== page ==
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Greenhouse Suppliers 100: A Ranking of Corporate Producers of Greenhouse Gas Precursors in the USA

Ranking U.S. Corporate Greenhouse Gas Suppliers

PERI researchers Michael Ash and James Boyce, along with Richard Puchalsky, present the first comprehensive database of corporate suppliers of greenhouse gas emissions in the U.S. economy.  They aggregate the available facility-level data—on individual mines, wellheads, refineries, pipelines, and import facilities—to the corporate level, with the corporate final parent as the unit of analysis. This focus on corporate ownership shifts attention to control and responsibility for greenhouse gas emissions.  They then discuss current and potential applications and possible extensions of their findings, such as the development of environmental-justice metrics for fossil-fuel suppliers.

>> Read paper published in The Japanese Political Economy
>> View PERI's Greenhouse 100 Suppliers Index

Abstract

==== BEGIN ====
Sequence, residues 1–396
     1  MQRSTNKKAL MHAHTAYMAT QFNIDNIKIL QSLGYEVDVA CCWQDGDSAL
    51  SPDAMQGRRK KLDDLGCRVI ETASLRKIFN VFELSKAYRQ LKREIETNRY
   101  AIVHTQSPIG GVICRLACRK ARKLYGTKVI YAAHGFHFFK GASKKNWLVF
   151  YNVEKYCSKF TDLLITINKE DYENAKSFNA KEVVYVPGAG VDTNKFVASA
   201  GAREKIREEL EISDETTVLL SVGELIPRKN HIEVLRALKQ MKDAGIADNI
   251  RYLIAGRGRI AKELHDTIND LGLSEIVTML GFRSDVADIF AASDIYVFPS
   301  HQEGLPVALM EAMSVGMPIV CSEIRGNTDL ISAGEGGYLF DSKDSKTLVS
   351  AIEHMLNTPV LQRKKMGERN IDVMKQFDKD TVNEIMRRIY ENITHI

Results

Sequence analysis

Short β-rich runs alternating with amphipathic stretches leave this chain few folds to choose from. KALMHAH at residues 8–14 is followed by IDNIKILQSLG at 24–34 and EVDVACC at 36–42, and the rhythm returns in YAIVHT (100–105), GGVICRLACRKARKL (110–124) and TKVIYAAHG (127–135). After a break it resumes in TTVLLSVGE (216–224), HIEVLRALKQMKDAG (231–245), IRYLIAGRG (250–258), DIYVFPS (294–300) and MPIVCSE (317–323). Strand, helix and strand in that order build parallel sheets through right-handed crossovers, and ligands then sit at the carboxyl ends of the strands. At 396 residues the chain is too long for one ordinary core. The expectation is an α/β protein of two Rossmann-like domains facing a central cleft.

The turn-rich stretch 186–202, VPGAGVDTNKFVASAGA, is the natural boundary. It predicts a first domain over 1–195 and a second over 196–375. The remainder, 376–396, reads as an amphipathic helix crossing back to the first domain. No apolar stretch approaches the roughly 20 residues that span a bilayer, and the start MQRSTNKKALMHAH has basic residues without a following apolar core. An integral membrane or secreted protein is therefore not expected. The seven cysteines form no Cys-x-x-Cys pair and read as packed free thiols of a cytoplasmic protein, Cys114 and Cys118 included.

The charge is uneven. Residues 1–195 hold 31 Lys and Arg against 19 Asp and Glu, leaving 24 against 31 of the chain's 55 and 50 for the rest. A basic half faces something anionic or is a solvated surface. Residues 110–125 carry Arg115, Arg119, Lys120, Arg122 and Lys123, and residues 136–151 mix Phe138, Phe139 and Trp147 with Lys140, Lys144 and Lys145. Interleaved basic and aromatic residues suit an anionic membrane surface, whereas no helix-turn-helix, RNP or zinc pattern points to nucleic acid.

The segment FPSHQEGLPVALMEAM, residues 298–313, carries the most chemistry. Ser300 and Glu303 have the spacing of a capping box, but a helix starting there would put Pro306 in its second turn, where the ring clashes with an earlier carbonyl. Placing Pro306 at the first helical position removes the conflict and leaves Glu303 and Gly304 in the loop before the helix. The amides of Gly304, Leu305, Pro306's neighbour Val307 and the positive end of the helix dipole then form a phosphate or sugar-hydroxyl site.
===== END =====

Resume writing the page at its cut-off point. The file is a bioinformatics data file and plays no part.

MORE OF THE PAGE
This paper presents the first comprehensive database of corporate suppliers of fossil fuels and greenhouse gas supply stocks in the U.S. economy. The database is a publicly available resource that adds value to existing information sources in two ways. First, we combine several high-quality public data sources, including the U.S. Environmental Protection Agency (EPA) Greenhouse Gas Reporting Program (GHGRP), which reports on most products that would result in GHG emissions if those products were released, combusted, or oxidized, with the notable exception of coal, and data on coal from the U.S. Energy Information Administration and the U.S. Mine Safety and Health Administration. In this paper, we discuss the importance of coal as a GHG source and describe its exclusion from coverage by the GHGRP. Second, we aggregate facility-level data (on individual mines, wellheads, refineries, pipelines, and import facilities) to the corporate level, with the corporate final parent as the unit of analysis. While the data collection of the EPA focuses on individual facilities as the reporting units, the analysis of corporate ownership shifts attention to control and responsibility. Here we use these data to explore the corporate concentration of GHG activity, and we compare the degree of concentration between GHG supply and emissions, and between the facility level and the corporate level. Finally, we discuss current and potential applications and possible extensions, such as the development of environmental-justice metrics for fossil-fuel suppliers.

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